While the Zetas are not known for doing public works, some of their illicit activities -- collecting money for protection, for example -- shadow the responsibilities of the local government.

"You are expected at least to turn a blind eye, if you are a mayor, especially," Grayson told CNN.

Most of the violence against mayors has happened in small towns in drug cartel territory, where the leaders are more vulnerable than their big-city counterparts.

One example is the small border town of Puerto Palomas, known locally simply as Palomas, in Chihuahua. A year ago this month, the mayor, Estanislao Garcia, was kidnapped and then found executed.

Palomas, located across the border from Columbus, New Mexico, literally scrapes along the border with the United States. As a town, it is known as a staging area for immigrants looking to steal across the border, and lacks an industry of its own.

"It's been a difficult challenge," Maria Lopez, the current mayor of Palomas, said of her position. But since that killing, things have been relatively calm.

"I have not had any problems, thank God," she told CNN.

At first, she says that she was not scared when she succeeded Garcia. Then, she restated her answer.

"I first I was scared, why should I lie? But not anymore"

No drug traffickers have come to negotiate with her on any issues, she said.

Lopez says she doesn't know who killed Garcia, though speculation is that it was one of the cartels that work in the area.

"It's sad. It's truly sad. I don't know what is behind it," she said. Garcia had been in a quarrel with local teachers at the time of his death, but she doesn't think they were the ones who ended his life.

Other killings offer more clear evidence of cartel involvement.

In September, in the town of El Naranjo in San Luis Potosi, witnesses saw four armed and hooded men exit a white truck in front of city hall in the early afternoon. Two men waited in front of the building while the other two went inside Mayor Alexander Lopez's office and shot him.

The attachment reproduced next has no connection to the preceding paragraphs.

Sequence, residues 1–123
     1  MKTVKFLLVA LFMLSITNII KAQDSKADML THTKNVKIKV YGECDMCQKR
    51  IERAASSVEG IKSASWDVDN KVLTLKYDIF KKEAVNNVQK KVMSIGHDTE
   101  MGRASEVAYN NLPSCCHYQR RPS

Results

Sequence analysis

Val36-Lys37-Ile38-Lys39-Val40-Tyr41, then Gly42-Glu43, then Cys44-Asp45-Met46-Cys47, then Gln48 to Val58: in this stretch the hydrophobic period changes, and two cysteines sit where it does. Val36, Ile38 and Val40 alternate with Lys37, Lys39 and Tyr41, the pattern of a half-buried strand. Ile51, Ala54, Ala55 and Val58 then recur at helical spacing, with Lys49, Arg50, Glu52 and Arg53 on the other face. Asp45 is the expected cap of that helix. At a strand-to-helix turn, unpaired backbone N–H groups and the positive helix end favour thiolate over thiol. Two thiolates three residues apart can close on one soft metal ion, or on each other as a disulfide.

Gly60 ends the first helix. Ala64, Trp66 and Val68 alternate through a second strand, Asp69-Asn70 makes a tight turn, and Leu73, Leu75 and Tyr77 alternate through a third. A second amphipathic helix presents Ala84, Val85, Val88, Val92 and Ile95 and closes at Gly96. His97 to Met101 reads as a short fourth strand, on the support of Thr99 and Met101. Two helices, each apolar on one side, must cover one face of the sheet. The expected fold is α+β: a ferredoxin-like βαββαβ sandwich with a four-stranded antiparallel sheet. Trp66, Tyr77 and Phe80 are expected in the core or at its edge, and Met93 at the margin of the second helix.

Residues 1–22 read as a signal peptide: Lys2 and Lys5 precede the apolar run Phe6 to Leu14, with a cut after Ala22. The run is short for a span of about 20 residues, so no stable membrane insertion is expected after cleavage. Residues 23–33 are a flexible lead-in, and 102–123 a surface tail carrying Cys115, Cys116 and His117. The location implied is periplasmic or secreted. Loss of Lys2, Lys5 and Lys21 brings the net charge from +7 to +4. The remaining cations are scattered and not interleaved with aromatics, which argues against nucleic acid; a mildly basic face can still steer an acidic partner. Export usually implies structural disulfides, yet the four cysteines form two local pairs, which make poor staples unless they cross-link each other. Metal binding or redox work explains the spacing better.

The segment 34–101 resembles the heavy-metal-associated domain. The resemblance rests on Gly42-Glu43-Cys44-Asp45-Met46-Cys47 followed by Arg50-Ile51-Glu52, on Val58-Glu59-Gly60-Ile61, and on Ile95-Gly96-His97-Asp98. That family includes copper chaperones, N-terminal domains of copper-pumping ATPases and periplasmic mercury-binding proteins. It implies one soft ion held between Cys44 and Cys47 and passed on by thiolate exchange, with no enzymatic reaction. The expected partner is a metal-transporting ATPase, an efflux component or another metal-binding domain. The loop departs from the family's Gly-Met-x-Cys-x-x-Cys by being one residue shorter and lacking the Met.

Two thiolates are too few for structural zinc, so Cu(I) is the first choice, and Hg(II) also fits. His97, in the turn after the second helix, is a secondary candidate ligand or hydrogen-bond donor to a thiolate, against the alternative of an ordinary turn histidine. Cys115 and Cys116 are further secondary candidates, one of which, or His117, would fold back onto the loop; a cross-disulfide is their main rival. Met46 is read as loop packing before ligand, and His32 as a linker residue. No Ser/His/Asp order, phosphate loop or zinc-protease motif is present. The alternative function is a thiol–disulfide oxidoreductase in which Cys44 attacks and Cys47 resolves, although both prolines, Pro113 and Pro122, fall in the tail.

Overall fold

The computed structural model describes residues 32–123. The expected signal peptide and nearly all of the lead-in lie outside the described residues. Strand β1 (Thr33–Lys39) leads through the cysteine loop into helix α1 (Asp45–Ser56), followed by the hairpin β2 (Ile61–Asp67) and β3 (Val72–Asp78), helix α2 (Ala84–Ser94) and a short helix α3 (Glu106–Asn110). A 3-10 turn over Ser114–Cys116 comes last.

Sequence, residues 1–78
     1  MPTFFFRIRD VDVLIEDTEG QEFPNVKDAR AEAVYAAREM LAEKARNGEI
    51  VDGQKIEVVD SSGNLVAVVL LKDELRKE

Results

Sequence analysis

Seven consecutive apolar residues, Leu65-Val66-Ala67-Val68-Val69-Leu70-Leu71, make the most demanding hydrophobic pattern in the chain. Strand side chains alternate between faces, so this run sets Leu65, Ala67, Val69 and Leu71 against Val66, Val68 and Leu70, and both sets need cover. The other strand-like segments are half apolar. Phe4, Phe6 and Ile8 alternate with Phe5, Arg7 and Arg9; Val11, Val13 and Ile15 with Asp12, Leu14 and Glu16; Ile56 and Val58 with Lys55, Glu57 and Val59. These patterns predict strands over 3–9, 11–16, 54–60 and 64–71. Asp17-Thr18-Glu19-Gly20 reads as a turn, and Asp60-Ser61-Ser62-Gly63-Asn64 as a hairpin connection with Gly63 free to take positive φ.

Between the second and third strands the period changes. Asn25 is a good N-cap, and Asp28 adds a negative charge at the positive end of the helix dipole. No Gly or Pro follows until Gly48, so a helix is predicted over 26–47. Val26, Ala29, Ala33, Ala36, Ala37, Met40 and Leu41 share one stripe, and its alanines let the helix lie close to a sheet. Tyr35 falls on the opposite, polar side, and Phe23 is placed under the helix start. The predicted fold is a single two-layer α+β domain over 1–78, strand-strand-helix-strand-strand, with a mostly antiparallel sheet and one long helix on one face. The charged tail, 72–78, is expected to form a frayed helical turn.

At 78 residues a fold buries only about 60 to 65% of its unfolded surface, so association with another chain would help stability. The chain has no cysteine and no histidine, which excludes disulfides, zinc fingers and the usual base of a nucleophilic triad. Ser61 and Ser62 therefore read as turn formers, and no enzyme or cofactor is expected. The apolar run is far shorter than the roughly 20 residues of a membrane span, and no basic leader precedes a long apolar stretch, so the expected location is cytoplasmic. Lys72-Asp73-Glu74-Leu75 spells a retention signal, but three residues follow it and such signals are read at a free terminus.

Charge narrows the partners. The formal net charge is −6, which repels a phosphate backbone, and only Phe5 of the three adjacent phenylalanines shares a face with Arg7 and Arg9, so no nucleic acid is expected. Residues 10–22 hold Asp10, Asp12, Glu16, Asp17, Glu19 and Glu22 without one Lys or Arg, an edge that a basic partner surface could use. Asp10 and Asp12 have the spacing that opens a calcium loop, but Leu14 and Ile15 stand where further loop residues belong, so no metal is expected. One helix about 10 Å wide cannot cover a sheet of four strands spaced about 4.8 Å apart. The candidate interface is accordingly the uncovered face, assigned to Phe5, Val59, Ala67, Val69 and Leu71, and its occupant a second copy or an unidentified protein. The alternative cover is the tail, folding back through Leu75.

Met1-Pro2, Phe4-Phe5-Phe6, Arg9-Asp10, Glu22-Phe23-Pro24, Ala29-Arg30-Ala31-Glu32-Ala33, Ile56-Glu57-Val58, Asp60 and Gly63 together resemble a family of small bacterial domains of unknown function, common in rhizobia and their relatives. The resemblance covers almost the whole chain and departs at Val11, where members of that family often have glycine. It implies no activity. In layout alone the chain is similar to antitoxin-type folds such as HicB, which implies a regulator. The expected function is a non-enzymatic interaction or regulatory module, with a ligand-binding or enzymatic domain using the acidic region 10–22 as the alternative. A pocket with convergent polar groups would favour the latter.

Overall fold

Other killings have been even more violent. The mayor of Tancitaro, Michoacan -- Gustavo Sanchez -- was found stoned to death on the side of the road. An aide who was with him met the same fate.

Being a mayor in Mexico these days requires great courage because they face intimidation, threats and bribes, Mayor Jaime Dominguez of Ascension, Chihuahua, told CNN.

"As mayors we are under a lot of risk," he said.

Dominguez says that he tries to focus on his job, helping the people of his community with infrastructure and water projects in his agricultural town. The only crime he is concerned with are local ones, such as robbery and domestic violence.

Drug trafficking and murders fall to the state and federal authorities to investigate.

"Our job is to work closely with the community," he said. "I feel safe, I feel secure. My hands are clean."

Still, he wishes for more federal and state help for issues such as social development and security.

"In a way, this (violence) was expected," Salazar said, referring to how cartels continue to push the limit to who they can kill. Before the mayors were targeted, cartels had been targeting police chiefs throughout the country.

Grayson agreed. "I think the death toll will rise with the mayors."

Could governors be next? A leading gubernatorial candidate in Tamaulipas state, Rodolfo Torre Cantu, was gunned down in June.